Draghi said the available evidence so far suggested “resilience of the euro area economy” in the face of continued global economic and policy uncertainty, but that the outlook was subject to “downside risks.”

In reality, the data provided by the ECB itself, as well as other information, indicate that the bank’s policies—negative interest rates and asset purchases of government and corporate bonds—are having little or no impact in achieving its stated aims of lifting inflation to around 2 percent and boosting economic growth.

According to the latest estimate from Eurostat, the annual inflation rate for August was just 0.2 percent, unchanged from the level in July. This indicates that the ECB has little chance of meeting its target in the foreseeable future.

Data from other sources show the situation is getting worse. The percentage of goods and services prices rising at less than 1 percent has risen to 58 percent, higher than when the ECB started its asset purchasing program last year. In Italy, which is experiencing virtually no growth, the figure is 67 percent.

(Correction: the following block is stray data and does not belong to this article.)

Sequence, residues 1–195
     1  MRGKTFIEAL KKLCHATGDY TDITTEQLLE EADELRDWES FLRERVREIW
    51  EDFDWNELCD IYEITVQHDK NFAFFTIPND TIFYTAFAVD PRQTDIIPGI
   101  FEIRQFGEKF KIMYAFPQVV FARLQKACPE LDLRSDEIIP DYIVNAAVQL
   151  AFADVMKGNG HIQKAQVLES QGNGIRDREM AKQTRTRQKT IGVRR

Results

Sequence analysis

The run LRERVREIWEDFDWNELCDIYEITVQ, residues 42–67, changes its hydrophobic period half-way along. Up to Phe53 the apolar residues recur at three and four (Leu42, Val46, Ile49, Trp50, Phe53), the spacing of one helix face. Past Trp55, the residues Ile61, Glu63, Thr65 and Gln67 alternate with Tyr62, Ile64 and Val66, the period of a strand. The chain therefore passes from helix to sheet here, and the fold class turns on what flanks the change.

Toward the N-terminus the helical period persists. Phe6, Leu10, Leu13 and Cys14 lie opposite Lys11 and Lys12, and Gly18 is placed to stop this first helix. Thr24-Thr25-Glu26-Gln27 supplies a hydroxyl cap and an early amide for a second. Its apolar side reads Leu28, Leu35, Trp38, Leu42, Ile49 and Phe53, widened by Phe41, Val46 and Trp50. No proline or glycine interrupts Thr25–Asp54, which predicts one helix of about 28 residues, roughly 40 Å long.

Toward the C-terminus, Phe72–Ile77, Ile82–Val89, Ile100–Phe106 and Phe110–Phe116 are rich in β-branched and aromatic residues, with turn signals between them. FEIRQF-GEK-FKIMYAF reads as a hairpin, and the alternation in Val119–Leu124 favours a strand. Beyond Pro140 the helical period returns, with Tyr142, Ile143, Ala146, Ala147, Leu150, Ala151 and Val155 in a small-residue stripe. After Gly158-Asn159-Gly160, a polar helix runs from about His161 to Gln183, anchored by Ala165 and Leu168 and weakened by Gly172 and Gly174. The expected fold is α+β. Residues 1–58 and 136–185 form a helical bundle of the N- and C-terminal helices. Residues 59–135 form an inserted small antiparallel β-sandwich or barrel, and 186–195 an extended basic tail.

Economic growth likewise shows no sign of improvement. While the ECB revised its estimate for growth in 2016 slightly upwards to 1.7 percent for 2016, it revised down its estimates for the following two years.

The ECB’s decision not to change its existing policy sparked concern in sections of the financial press. The economics commentator for the British Daily Telegraph, Ambrose Evans-Pritchard, noted that large areas of the euro zone were slipping “deeper into a deflationary trap,” despite negative rates and €1 trillion worth of quantitative easing “leaving the currency bloc with no safety buffer when the next global recession hits.”